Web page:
Bulldogs Chasing History In NIT Semifinal At The Garden

Nearly two years before Mississippi State’s men’s basketball team advanced to the NIT Final Four, the then-young group of men who barely knew each other walked the streets of Rome the day before they were to play in their first game together, a preseason international exhibition. MSU was coming off consecutive losing seasons, and the nucleus of sophomores and newly-signed freshmen were supposed to be the crew that would bring Bulldog Basketball back.

The journey they started then hasn’t reached its final step, and more pieces have been added along the way, but the 20 months that have passed since then have taken this team from the greatest city of the ancient world in Rome, to the greatest city of modern day in New York City. It was the legends of the past who entertained the masses in the Coliseum, and it is the greats of today who put on sport’s greatest exhibitions in Madison Square Garden.

This team’s story has yet to come full circle, but the production and potential of the present day have begun to catch up to the program’s storied past. That these Bulldogs – win or lose – will finish their season in MSG, in New York, on the most famous stage basketball has to offer, is a fitting finale for a program on the precipice of stardom.

“The greatest players of the history of the game all have one thing in common: every one of them played in Madison Square Garden,” MSU head coach Ben Howland said. “To be able to say, ‘I played in The Garden’ is a really special thing.”

And he’s right. All the legends, all the greats, all the heroes of basketball have stepped onto the court in The Garden.

Quinndary Weatherspoon’s favorite player, LeBron James, twice scored over 50 points at MSG.

Xavian Stapleton has pulled for Kobe Bryant since he was a kid, the Lakers star who famously racked up 61 points at Madison Square Garden in February of 2009.

In fitting form, Allen Iverson – favorite player of point guard Lamar Peters – had one of his best games in The Garden not as an NBA player, but in college when he scored 23 points for Georgetown to help the Hoyas win the NIT semi-final 1995.

That State’s players will get to add themselves to that list is no meaningless experience.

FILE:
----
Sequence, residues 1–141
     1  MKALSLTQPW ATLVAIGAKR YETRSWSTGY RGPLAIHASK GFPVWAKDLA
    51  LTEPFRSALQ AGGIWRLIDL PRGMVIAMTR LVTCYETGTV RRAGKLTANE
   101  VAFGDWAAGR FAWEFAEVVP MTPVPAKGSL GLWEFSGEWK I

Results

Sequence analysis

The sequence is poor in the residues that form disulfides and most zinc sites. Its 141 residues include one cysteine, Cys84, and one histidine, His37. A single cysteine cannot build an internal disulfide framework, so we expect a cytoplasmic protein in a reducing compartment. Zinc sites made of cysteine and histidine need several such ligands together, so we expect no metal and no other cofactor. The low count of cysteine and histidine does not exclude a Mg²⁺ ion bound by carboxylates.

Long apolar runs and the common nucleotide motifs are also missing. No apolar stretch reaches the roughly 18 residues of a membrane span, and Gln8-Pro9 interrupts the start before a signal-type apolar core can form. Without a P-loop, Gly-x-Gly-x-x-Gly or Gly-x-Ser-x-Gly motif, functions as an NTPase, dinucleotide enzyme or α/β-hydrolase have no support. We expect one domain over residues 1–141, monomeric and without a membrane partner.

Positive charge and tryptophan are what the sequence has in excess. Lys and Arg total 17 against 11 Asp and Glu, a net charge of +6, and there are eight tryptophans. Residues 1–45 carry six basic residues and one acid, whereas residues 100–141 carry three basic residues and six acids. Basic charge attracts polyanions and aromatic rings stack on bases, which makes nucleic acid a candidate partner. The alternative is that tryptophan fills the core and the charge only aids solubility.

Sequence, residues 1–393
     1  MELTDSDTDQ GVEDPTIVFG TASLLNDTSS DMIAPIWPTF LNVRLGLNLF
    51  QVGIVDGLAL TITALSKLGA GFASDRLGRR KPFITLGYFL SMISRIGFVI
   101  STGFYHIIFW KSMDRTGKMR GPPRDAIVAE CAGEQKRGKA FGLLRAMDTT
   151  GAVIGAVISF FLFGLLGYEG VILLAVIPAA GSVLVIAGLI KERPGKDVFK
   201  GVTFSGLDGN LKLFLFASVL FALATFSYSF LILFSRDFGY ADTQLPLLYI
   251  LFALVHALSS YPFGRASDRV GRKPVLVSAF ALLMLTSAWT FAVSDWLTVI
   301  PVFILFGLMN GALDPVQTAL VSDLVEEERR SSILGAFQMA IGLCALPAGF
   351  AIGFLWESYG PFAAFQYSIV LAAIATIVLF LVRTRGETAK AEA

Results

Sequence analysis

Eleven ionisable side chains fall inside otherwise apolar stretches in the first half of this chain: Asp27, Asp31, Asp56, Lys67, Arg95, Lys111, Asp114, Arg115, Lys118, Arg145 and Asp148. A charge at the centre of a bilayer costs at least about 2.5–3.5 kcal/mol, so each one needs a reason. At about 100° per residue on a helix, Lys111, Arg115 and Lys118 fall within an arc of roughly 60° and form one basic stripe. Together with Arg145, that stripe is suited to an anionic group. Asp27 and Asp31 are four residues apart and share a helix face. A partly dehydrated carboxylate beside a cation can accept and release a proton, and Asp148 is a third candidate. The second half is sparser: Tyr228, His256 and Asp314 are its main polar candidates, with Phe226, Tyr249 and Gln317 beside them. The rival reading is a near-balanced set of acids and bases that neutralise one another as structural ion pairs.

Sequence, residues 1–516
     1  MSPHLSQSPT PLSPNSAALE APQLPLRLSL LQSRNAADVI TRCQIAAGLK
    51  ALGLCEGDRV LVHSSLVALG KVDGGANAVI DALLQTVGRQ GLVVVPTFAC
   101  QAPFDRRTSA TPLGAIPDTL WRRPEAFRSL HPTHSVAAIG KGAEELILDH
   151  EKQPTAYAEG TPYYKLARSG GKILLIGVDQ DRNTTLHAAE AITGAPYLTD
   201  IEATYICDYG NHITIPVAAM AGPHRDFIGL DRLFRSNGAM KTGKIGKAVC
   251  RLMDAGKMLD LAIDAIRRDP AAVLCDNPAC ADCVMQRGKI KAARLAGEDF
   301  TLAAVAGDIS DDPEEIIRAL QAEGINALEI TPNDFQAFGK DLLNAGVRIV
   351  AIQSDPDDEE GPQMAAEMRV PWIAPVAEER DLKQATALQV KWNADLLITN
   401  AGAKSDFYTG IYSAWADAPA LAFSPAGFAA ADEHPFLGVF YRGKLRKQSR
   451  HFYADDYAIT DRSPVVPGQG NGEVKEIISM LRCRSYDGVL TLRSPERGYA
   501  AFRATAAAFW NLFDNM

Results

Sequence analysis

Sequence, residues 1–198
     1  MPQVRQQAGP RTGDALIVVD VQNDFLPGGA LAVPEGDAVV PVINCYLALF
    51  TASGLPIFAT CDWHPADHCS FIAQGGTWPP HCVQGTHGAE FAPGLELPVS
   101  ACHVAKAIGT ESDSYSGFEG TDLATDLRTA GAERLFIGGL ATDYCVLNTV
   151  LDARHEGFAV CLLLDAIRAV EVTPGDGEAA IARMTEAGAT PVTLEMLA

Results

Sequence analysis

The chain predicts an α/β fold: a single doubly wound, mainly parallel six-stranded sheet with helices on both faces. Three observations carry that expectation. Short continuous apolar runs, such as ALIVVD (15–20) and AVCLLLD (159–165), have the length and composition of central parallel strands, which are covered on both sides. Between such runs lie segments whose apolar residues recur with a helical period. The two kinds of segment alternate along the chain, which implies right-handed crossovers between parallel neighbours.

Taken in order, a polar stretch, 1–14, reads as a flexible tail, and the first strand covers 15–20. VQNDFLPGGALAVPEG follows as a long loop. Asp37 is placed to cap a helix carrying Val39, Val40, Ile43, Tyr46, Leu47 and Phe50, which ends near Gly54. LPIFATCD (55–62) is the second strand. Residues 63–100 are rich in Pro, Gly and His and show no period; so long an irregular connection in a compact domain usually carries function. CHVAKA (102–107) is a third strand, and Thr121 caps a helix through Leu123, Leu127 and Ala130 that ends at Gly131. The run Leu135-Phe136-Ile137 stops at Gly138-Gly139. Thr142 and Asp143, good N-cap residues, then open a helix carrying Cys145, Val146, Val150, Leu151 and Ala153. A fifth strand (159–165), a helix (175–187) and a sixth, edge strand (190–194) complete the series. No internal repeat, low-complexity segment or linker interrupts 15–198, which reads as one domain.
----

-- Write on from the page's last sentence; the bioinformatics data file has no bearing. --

“Country boy to The Garden – it feels like I’m in the movies,” forward Abdul Ado said.

Said guard Nick Weatherspoon, “it’s pretty special.”

“I’m very excited,” forward Aric Holman said. “This is something I can tell my nieces and nephews about, or my kids one day.”

As it turns out, one person with the team in New York is already on the list of legends to play at Madison Square Garden, and he’s on it multiple times over. When MSU loaded the bus in Starkville to head for the airport, players walking back to their seats likely didn’t look twice at the gray-haired gentleman and his wife sitting near the front of the bus, but as they slid by him, they were quite literally having brushes with greatness.

Bailey Howell is a legend, a Hall of Famer, and perhaps the best player ever to wear the maroon and white jersey, and that’s why he’s making yet another visit to The Garden, this time as a spectator.

“Bailey came by to congratulate us [after beating Louisville in the quarterfinal],” Howland said, “and I was like, ‘you’ve got to come with us.’ It’s just wonderful for us to have him here. He’s such a classy person that really embodies everything Mississippi State is about. He was an unbelievable player when you think about what he accomplished at Mississippi State and in the NBA.

“I was talking wit him last night at our dinner,” Howland continued. “He had 32 rebounds twice in different NBA games, one of them against Wilt Chamberlain. He had 34 once in a college game. He averaged 17 rebounds a game for three years in college. Just incredible what he was able to do.”

Howell had a career so long and so successful that he actually played in the current Madison Square Garden and the old Madison Square Garden.

Riding the bus, traveling with the team and watching from the stands in MSG, Howell is a living symbol from the past of not only what this program has done before, but what more it can do in the future. These players, this season and this program are far from satisfied, but if history repeats itself, then the future is growing brighter by the day.

“Next year and in the years to come,” NIT commentator Fran Frischilla began as he introduced Ben Howland, “you are going to hear about the Mississippi State Bulldogs.”

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